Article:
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Scientific R&D At Home? 398

An anonymous reader writes "I'm currently on the cusp of getting myself a new hobby and making some investments. There are a few areas that interest me greatly, from playing with EEG/ECG and trying to put together a DIY sleep lab, to astronomy, etc. I'm somewhat hesitant to get into these fields because (despite the potentially short-lived enjoyment factor) I'm not convinced they are areas that would lend themselves to making new discoveries in the home and with home equipment, which is what I'd really like to do. I've also read quite a number of articles on 'bio hacking,' and the subject seems interesting, but it also seems futile without an expensive lab (not to mention years of experience). What R&D hobbies do Slashdotters have that provide them with opportunities to make interesting discoveries and potentially chart new territory in the home? Do such hobbies exist?"
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Scientific R&D At Home?

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  • by FlyByPC ( 841016 ) on Sunday May 23, 2010 @01:26PM (#32315274) Homepage
    Robotics is always interesting. Servo motors are pretty easy to control, once you learn a little microcontroller programming. All you need is a basic understanding of algebra; write a few timing loops and angle-to-pulse-width conversion routines and you're there. (I've been using PIC16 microcontrollers, which do this sort of thing nicely.)

    Besides, that way, you'd have a good chance of being among the first to officially welcome our new robotic overlords!
    • Re: (Score:3, Informative)

      Robots is interesting with a bit of AI thrown in too.

      But also have a look at [] for some biology related projects

    • by zero0ne ( 1309517 ) on Sunday May 23, 2010 @01:52PM (#32315484) Journal

      Phidgets [] If you would like a bit of an easier ride.

      Version 2.0 of their Phidgets SBC is going to be really slick, but don't expect it anytime soon.

    • Re: (Score:3, Insightful)

      by Anonymous Coward

      I can't say for certain that this is applicable to robotics, but I've found in my personal projects as a software engineer that escaping the naive approach is what has brought my work into the realm of possible importance (academically and technologically). For me that meant reading a shitload of math books (and engineering books that are just slightly-more-rambling math books.) I suspect that it's the same for most fields, even ones heavy in hardware experimentation and field research -- going into it with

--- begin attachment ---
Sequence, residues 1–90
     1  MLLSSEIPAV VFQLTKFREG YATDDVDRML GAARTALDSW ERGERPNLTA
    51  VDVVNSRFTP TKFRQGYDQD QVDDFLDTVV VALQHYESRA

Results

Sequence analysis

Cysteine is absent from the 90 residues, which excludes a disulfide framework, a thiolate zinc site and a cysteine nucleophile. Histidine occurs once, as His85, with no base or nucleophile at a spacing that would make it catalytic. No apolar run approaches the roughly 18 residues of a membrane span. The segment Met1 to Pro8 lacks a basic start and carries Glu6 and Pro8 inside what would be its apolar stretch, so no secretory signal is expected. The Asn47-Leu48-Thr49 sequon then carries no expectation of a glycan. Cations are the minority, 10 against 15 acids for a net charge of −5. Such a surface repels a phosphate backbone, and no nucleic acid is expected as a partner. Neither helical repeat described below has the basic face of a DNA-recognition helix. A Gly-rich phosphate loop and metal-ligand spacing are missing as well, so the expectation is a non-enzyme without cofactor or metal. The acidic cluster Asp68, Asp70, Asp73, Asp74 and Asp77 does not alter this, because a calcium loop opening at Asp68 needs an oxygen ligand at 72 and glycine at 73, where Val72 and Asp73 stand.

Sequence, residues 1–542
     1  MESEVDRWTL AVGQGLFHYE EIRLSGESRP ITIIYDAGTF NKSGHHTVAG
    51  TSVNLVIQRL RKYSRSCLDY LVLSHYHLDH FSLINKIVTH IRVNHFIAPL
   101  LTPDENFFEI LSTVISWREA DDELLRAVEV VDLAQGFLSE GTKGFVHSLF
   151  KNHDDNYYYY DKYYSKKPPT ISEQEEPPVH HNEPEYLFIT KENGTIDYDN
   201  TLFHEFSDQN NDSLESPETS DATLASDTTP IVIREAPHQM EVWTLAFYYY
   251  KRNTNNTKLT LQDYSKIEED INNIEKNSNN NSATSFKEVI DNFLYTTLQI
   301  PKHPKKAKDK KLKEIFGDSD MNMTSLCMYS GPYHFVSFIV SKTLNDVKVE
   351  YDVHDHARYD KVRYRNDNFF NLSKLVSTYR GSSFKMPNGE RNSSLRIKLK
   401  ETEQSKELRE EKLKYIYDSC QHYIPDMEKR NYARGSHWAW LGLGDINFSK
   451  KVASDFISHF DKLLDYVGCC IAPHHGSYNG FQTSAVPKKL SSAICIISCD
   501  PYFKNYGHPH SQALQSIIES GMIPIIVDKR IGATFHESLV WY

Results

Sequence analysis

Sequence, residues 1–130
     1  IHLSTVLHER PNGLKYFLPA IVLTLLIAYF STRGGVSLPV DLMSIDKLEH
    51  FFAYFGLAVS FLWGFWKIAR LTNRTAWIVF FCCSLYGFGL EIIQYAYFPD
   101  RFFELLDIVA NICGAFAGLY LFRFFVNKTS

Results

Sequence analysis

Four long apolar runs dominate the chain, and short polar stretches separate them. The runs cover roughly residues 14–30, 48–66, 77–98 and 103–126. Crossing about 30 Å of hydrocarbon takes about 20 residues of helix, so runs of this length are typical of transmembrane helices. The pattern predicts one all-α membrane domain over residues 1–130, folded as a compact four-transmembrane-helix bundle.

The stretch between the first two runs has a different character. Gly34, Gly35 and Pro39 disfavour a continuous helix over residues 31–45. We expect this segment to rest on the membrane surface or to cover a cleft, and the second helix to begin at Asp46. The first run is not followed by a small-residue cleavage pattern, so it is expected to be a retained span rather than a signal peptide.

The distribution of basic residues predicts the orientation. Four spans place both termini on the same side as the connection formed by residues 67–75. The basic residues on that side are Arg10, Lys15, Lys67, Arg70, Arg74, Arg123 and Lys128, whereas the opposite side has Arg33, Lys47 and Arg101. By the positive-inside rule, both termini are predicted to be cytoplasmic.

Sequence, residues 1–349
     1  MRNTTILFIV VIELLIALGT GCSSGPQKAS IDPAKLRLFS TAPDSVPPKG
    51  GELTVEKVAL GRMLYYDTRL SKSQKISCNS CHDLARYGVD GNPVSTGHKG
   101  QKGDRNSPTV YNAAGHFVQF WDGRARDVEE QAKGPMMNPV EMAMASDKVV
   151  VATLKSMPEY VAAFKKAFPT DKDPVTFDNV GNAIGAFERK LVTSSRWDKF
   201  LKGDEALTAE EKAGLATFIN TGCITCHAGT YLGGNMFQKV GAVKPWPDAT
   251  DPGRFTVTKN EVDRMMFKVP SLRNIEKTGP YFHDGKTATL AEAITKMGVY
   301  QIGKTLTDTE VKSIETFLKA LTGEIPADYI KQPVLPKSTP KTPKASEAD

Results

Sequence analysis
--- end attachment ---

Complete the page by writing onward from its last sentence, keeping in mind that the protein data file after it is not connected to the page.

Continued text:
• by imag0 ( 605684 )

      I started hacking away with an Arduino a few weeks ago and have loved it. Sensors, motors, potentiometer's, MUX/DEMUX, programming, soldering, it's all there.

      You don't even have to be particularly interested in robotics. For example, my first project is a analog drum machine that fires off MIDI messages to my DAW. Lots of pots, wires, understanding low-level MIDI interfacing, it's a blast. So anyway, yeah. I can't recommend electronics hacking / robotics enough.


  • Absolutely (Score:5, Insightful)

    by b4upoo ( 166390 ) on Sunday May 23, 2010 @01:29PM (#32315296)

    The prime frontier is in software. New concepts and applications based upon scientific discoveries are all over the world of software.

    • Re: (Score:3, Informative)

      Yes, indeed, there is a huge untapped frontier in software, both for making discoveries (programs that find and fix their own bugs, for example), and for doing interesting research in other areas. One place to look is computational economics - building complex market scenarios and figuring out how they work. As far as I know, nobody did that before the big mess in California's energy market in 2000. See the Trading Agent Competition [] or Leigh Tesfatsion's summary of Agent-Based Computational Economics [].
  • Astronomy! (Score:5, Insightful)

    by Colonel Korn ( 1258968 ) on Sunday May 23, 2010 @01:30PM (#32315306)

    Only a few hundred planets outside the solar system have been discovered. Some of those were found from backyards by amateurs.

    Check out The Sky is Your Laboratory by Robert Buckheim. It's a ~$30 book that will show you how you can participate in meaningful astro research with no equipment beyond a stopwatch for the simplest stuff. Later chapters get increasingly complex and show you how to do things that be pretty big contributions to the field.

    • Re:Astronomy! (Score:5, Informative)

      by Random Walk ( 252043 ) on Sunday May 23, 2010 @01:54PM (#32315498)

      In all fairness, if you want to make a contribution that is worth co-authorship of a paper, you might need at least a good amateur telescope (maybe on the order of 10 inch aperture) and a CCD camera.

      With such equipment, and clear skies, you can do photometric monitoring of stars (e.g. for outbursts, or planet transits). Asronomers always have the problem that big observatories focus on big telescopes, and it's difficult to do things that require small telescopes, but long-term monitoring.

      One example would be monitoring of the transits of extrasolar planets, to detect timing anomalies (which could be caused by undetected additional planets). Or monitoring stars with planets detected by radial velocity variations, to discover eventual transits. Or monitoring of ongoing gravitational lens events... there are quite a few oportunities for amateurs.

    • by MadMorf ( 118601 )

      Seconded...This is a great book and convinced me to get back into astonomy after a 25 year break...

      Last thing I did before this was photograph Halley's Comet back in '85/'86, with my 6" reflector and Minolta 35mm SLR...

      Now, I've got a 150mm Mak-Cass and a Canon 20Da...Gonna do me some Variable Star Asronomy...

  • Homemade science (Score:3, Interesting)

    by thms ( 1339227 ) on Sunday May 23, 2010 @01:34PM (#32315332)